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New Scotland Archives — The Altamont Enterprise, December 20, 2007

With three lawyers on board
Does town need to hire an attorney"

By Holly Grosch

NEW SCOTLAND — Come Jan. 1, three members of the New Scotland Town Board will be lawyers, leading one resident to suggest the board could save money by not hiring a town attorney.

Lawyers are frequently elected to local governing boards. Kenneth Runion Guilderland’s town supervisor, is an attorney, as is Theresa Egan, who recently resigned as Bethlehem’s supervisor to take a state post. Thomas Dolin, New Scotland’s supervisor-elect, is a lawyer, too, and, like Egan, had served as a town judge before being elected supervisor.

Meanwhile, two town board members in New Scotland, Margaret Neri and Richard Reilly, practice law for their day jobs. The town of Guilderland had another attorney elected to office this November, Warren Redlich. And three members of Guilderland’s school board, including its president, are lawyers.

How does the preponderance of lawyers affect local government" New Scotland resident Kurt Anderson, at last Wednesday’s New Scotland Town Board meeting, proposed doing away with the position of town attorney, saving taxpayers’ money. The town’s 2008 spending plan budgets $20,900 in salary for New Scotland’s attorney, L. Michael Mackey.

"Here’s an opportunity," Anderson said, "Board members can do a little extra."

Anderson went on to cite what he called the resounding message of the fall election campaigns: "Those of you have indicated that you want to give back," he said.

Some things are done the same way for a long time just because it’s the way things have always been done, Anderson said, but there is often a need for review and change.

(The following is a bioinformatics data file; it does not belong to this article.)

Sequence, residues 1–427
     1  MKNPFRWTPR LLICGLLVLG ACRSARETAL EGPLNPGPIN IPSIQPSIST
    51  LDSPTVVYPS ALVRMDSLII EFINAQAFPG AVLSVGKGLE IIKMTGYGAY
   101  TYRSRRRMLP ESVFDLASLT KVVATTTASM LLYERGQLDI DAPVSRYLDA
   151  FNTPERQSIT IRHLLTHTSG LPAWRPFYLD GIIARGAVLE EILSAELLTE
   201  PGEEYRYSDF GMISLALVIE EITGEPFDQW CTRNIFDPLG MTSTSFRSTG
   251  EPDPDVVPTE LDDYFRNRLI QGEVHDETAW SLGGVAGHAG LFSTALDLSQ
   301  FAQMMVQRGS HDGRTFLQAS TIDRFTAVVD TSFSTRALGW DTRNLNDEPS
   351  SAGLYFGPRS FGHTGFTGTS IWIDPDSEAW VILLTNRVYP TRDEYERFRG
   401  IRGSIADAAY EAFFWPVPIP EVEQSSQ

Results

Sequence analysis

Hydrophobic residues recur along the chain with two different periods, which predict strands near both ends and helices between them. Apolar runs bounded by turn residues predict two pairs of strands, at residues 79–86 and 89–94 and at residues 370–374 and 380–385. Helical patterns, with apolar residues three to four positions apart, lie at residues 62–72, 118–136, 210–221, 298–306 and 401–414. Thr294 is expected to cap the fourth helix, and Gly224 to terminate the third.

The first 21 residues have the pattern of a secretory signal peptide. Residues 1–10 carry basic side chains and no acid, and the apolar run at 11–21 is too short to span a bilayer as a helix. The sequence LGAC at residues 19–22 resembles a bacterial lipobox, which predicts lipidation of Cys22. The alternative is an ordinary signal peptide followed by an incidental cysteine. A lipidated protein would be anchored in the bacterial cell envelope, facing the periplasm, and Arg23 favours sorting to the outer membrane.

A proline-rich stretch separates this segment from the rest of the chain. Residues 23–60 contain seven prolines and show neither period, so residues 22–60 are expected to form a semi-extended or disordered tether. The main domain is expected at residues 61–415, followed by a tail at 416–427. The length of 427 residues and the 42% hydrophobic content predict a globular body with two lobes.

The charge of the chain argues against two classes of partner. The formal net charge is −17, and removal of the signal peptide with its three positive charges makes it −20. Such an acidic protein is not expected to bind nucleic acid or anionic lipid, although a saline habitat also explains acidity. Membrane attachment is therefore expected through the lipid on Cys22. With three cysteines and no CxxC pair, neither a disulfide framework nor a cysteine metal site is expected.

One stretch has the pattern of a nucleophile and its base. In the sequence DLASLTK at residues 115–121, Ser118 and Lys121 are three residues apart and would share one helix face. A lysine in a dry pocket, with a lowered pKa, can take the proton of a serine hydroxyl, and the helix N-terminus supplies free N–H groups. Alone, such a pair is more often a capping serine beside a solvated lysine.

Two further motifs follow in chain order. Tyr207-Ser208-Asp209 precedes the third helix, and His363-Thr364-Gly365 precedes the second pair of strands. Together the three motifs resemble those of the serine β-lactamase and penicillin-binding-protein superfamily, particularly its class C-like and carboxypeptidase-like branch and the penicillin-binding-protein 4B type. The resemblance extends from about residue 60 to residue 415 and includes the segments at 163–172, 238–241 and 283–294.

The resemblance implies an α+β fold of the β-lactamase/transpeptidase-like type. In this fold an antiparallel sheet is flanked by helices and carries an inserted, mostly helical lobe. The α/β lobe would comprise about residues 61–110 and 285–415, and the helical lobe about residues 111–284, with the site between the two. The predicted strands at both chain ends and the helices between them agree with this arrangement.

"[The board] will have more than an adequate understanding of the law to not need a town attorney," he said.

Dolin had served as Westerlo’s town attorney in years past and as an attorney for New Scotland and for the village of Voorheesville’s planning and zoning boards.

From attending town meetings, Anderson says, he has seen that one of Mackey’s largest job responsibilities is drafting resolutions and wording proposed laws. This is a task Anderson believes can be split among the elected officials with law backgrounds and be completed competently.

If the town were sued, or another issue arose that required special counsel, Anderson would support contracting out for law representation on a need-to-need basis.

Not appointing a town attorney next year comes out of the interest of being frugal, Anderson said. He added that his proposal was in no way a reflection on Mackey, or the job he has done.

The town attorney is a part-time post that is filled each year at the Jan. 1 re-organizational meeting.

"Our presumption is those offices are incompatible," said New York Department of State spokesman Eamon Moynihan of the town attorney post and members of the legislative branch. The town attorney needs to be unbiased to be able to offer an objective opinion, he said. "Sometimes a town attorney would be expected to give independent advice to the board," Moynihan told The Enterprise.

The question of the evolving role of attorney is still valid.

"I certainly intend to take advantage of my experience," Dolin told The Enterprise this week in response to the comments Anderson made at the public meeting. But Dolin said he doesn’t see reducing Mackey’s job responsibilities or workload to the point of reducing his salary.

The "salary at the present rate is pretty minimum, modest," Dolin said. "Reducing that any further would be a detriment to the town.

"While I won’t have to rely on the town attorney for day-to-day operation as much as a lay person" Dolin said, "residents should have the benefit of an unelected person with a broad attachment," he said in support of the State Department’s view.

"I’ll have quite a bit to do just being supervisor, acting as CEO, the executive in charge of a day-to-day administration and as the chief financial officer of about two million dollars, sitting as a member of town board...It’s three jobs rolled into one title," Dolin said. "The idea of taking on the additional [task] of town attorney is not realistic."

It would be as if a civil engineer were elected town supervisor; he would not expect the town officials to eliminate the town engineer position, Dolin said.

In the coming years, Dolin said, he sees an extended need for a town attorney rather than a diminishing one since his goals as supervisor include zoning changes and water districts. "We need the input and advice of a town attorney," he said.